December 15, 2023 9:45 am


2023 will be remembered as the year of the new normal.  Throughout the Pandemic, we all longed for a return to a world we knew and trusted.  If there is one thing we now know for sure, it is that the world we once knew has changed in many ways, and not all of them are for the better.


The world of commercial real estate is no exception.  In 2023 we finally saw the beginning of the long-awaited return to the office and we now see the damage left in the wake of the Pandemic is considerable.  Here in New Jersey, for example, we are seeing the resulting impact that work from home and hybrid work schedules have had on our office leasing activity.  We real estate advisors joke that what was once an 80,000 square foot tenant is today a 20,000 square foot tenant, as more than half of the employees have demanded that they will now only work from home and even more companies have gone hybrid, with few folks in the office on Mondays and Fridays.  At first all of this seemed like a workable idea with the chief advantage of a reduced footprint being the resulting reduced operating overhead.  


So, aren’t savings in the office rent a good thing?  If that were all there was to it, we would tend to agree, but employers are finding they are experiencing quite a number of unanticipated headaches, particularly with the younger employees. 


Trying to train, supervise, manage, achieve productivity goals and motivate employees who are working from home has turned out to be a nightmare.  How does the CEO communicate a corporate narrative to employees when they are working in their own bubble.  How can companies create team synergies over a Zoom platform. How does a new employee learn his job and understand the corporate culture.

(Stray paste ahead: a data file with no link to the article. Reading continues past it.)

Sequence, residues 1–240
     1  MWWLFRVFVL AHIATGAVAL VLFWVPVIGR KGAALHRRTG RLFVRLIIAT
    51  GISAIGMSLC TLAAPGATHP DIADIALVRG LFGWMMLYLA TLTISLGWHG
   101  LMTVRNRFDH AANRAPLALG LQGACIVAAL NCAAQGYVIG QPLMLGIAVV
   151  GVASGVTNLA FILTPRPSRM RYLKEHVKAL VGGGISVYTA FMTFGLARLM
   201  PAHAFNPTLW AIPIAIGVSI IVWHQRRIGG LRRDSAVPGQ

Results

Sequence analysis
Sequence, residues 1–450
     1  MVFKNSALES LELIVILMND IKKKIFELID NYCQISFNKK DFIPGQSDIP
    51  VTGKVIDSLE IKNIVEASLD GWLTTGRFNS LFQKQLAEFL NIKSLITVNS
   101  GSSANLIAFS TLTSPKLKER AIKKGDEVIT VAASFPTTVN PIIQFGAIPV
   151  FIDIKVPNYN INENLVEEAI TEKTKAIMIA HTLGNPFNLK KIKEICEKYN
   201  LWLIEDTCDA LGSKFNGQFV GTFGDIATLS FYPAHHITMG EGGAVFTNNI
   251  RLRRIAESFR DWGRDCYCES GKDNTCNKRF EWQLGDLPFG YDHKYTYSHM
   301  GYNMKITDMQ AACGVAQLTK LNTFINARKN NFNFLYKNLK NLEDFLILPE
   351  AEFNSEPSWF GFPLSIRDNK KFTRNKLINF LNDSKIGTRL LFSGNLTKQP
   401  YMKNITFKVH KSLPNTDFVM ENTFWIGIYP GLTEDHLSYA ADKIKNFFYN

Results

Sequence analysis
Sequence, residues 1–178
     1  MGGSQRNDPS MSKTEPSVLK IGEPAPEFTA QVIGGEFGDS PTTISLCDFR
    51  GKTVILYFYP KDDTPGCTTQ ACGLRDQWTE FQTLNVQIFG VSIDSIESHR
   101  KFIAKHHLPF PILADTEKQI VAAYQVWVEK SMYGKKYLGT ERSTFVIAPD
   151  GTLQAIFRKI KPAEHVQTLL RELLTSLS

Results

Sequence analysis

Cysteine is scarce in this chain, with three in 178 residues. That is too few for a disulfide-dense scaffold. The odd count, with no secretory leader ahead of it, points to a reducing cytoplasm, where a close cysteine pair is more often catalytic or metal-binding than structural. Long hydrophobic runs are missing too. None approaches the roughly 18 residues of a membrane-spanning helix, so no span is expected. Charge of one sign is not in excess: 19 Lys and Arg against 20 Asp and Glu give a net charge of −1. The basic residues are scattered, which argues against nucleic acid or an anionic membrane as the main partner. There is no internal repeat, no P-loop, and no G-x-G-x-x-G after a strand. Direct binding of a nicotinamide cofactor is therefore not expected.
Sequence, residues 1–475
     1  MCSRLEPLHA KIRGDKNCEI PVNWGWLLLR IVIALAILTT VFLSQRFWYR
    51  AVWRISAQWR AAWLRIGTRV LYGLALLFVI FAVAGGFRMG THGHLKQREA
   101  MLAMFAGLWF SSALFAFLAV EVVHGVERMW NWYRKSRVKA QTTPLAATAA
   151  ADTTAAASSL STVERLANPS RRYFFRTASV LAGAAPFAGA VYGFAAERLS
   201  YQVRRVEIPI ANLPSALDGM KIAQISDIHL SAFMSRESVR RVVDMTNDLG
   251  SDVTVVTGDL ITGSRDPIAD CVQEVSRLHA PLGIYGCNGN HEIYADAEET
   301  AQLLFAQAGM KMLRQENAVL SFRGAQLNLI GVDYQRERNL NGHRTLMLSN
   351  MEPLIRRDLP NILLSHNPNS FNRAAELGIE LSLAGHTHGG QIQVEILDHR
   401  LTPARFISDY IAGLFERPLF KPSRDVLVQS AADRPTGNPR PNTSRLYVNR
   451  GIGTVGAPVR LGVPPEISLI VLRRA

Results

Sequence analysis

Is it any surprise that today’s younger employees have less corporate loyalty than ever before and that many like to switch jobs every few years just to shake things up. Trying to maintain excellence with a less than enthusiastic workforce is really quite a challenge.


Inside the office, many companies, to save even further on operating overhead have converted their once permanent office set-up to a more open hoteling platform. Hoteling is when an employee coming in to the office checks in at the front desk where they are assigned a seat for the day where their computer and phones are routed.  In just the last year we see that many employees are starting to resist a return to the unpopular Dilbert style cubicle in favor of a more upscaled benching table.  It seems that the fear of Covid 19 is fading into a blurred memory, at least as far as social distancing goes for the present.


For those companies that have returned to the office with full occupancy, they will quickly discover that the universe of available office space opportunities is shrinking.  As the cost of new construction and rental rates continue to rise, business owners are finding that it is more important than ever to work with a real estate advisor who has his finger on the pulse of the market.  We recommend you work with a tenant advisor to help leverage a better deal when renewing the lease or relocating the office and to protect you against the dangers ahead. Now, more than ever, you need to vet the financial ability of any perspective Landlord to complete new construction on time and on budget. 


If all this has you somewhat concerned, as 2024 comes into view, maybe it’s time for you to get a lease tune-up.  If this sounds like you, why not give us a call to find out why, at Dickstein Real Estate Services, “Our Difference Is Your Advantage®”.



Lawrence Dickstein

Dickstein Real Estate Services

908-704-3500 ext. 11

[email protected]

Categorised in: